The United States has developed the world’s first ‘real’ exascale supercomputer, fulfilling a promise made by President Barack Obama nearly seven years ago and bringing the globe into a new age of computational power.
Until now, the world’s fastest supercomputers operated at the petascale, doing a quadrillion calculations per second. This is taken to a whole new level with the exascale, which can do a quintillion operations per second.
The Frontier supercomputer, which was developed at the Department of Energy’s Oak Ridge National Laboratory in Tennessee, has now become the first supercomputer to achieve a processing speed of 1.1 exaFLOPS (1.1 quintillion floating point operations per second, or FLOPS).
In a benchmarking test dubbed High-Performance Linpack, the result was validated (HPL). Frontier’s ultimate limitations, as remarkable as that seems, are much more so, with the supercomputer capable of a peak speed of 2 quintillion computations per second, according to the Oak Ridge lab.
However, at TOP500, a twice-yearly ranking of the world’s most powerful supercomputers, it’s the standardized HPL benchmark that matters most; Frontier’s debut score implies it’s now listed as the world’s fastest system in this select group of machines.
Frontier is not just the most powerful supercomputer to ever exist – it’s also the first real exascale machine, according to TOP500’s release of the new rankings.
The distributed computing project Folding@home, which focuses on numerous medical challenges, was the first to break the exascale barrier in 2020. Frontier, on the other hand, is the first real exascale machine because the computations were not distributed over several home computers as they are with Folding@home.
For years, computer scientists have been working toward the exascale milestone, which represents a new level of computational power for solving extremely complex problems involving massive amounts of data, such as modeling climate systems, developing new materials and medicines, and delving into the deepest mysteries of physics.
The field has progressed almost as quickly as the supercomputers themselves. The number one machine over the past two years has been the Japanese supercomputer Fugaku, which achieved 415.5 quadrillion FLOPS in 2020. (415.5 petaFLOPS).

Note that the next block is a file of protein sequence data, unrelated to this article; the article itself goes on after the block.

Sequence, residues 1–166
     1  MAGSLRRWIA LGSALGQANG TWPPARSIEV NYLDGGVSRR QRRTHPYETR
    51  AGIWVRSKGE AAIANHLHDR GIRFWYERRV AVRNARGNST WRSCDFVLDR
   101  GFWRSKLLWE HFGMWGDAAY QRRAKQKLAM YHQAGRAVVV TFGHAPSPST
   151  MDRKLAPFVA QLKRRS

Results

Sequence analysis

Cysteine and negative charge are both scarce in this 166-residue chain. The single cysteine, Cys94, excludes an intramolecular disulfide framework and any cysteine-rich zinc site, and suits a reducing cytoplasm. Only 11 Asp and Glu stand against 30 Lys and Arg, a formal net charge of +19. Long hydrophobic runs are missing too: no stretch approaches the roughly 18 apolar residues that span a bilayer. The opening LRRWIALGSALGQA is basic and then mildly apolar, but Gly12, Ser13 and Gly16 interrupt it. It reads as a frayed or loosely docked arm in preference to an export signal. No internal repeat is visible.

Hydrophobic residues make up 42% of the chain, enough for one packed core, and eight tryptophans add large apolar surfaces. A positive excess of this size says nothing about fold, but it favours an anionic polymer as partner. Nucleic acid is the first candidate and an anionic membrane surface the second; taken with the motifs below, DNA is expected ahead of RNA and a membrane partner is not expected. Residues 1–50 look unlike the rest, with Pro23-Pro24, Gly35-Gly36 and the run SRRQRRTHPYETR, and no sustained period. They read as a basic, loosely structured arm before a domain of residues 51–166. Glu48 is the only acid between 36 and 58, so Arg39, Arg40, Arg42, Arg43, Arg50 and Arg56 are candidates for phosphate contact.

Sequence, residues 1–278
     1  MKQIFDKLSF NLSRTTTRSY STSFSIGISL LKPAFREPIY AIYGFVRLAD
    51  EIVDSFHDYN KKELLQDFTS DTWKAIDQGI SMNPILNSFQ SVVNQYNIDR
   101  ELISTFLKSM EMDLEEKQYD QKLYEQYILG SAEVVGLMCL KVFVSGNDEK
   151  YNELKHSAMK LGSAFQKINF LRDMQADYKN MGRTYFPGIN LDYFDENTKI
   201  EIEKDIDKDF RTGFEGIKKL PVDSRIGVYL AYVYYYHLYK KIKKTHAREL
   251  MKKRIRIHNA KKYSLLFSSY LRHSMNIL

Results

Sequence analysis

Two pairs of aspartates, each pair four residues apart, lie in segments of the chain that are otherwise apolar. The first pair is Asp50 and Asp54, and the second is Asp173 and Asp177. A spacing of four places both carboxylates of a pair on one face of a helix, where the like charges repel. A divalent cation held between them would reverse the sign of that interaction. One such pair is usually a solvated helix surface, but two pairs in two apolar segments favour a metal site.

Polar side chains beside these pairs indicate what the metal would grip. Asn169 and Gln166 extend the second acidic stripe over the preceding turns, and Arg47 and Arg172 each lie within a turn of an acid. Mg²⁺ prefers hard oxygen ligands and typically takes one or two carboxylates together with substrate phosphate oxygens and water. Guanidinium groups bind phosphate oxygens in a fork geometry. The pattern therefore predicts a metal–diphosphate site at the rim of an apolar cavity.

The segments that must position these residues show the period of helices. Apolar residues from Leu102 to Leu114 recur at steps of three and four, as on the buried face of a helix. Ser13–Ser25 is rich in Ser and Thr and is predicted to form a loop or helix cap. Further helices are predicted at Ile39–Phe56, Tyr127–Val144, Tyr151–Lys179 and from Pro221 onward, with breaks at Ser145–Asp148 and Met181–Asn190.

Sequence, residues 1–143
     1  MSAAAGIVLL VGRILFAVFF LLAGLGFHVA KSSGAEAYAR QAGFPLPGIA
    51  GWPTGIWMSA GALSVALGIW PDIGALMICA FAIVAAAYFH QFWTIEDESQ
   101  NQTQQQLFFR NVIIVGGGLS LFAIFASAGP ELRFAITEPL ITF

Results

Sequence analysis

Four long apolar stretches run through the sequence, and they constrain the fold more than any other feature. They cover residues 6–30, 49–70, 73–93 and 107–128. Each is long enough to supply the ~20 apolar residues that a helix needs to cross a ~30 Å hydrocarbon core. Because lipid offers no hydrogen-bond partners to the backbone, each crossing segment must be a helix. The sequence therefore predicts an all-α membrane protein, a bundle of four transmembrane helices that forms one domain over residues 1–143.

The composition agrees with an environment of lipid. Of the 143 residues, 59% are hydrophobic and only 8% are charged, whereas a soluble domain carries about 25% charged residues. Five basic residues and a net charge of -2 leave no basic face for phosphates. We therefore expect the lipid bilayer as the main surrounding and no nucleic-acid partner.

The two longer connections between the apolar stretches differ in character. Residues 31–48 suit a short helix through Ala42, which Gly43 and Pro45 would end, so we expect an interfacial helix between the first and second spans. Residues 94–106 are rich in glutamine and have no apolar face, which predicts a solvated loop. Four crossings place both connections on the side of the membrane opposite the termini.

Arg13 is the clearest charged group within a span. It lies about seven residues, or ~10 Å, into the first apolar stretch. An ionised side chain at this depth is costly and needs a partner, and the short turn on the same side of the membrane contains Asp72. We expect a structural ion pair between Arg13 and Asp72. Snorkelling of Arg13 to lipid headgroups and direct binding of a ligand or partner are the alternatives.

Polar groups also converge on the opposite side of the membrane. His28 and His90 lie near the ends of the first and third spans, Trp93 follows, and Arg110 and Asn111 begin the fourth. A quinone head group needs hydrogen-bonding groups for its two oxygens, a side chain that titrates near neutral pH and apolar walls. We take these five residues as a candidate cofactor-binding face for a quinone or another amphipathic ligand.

That was nearly three times better than the system it dethroned from first place, the IBM-built Summit supercomputer, which is also housed at Oak Ridge National Laboratory.
Summit has been demoted to fourth place on the TOP500 list in 2022 (with a new score of 148.8 petaFLOPS), well behind Frontier, Fugaku (in second place with 442 petaFLOPS), and newcomer LUMI from Finland (with a new score of 151.9 petaFLOPS).
According to TOP500, only Frontier has reached actual exascale performance, at least where it counts, among all of these extremely powerful supercomputers.
“Given that Fugaku’s theoretical peak is over the 1 exaFLOP barrier, there’s reason to term this system an exascale machine as well,” TOP500 writes in its statement.
“However, in the HPL benchmark test, Frontier is the only system that can demonstrate this.”
There is an elephant in the room, as some have pointed out: the lack of new Chinese supercomputers on the TOP500 list, which were not formally submitted for inclusion in the competition.
This means we don’t know how they’ll compare to this year’s rated systems, however Chinese supercomputers have done well in prior years’ rankings, and some analysts predict China may be working on many exascale systems soon.
None of this diminishes Frontier’s enormous achievement. For the time being, this magnificent machine has the title of world’s most advanced computer, a US$600 million behemoth prepared to teach us many wonderful and vital things.
ORNL Director Thomas Zacharia said, “Frontier is ushering in a new age of exascale computing to answer the world’s toughest scientific issues.”
“This achievement is merely a taste of Frontier’s unrivaled capacity as a scientific discovery tool.”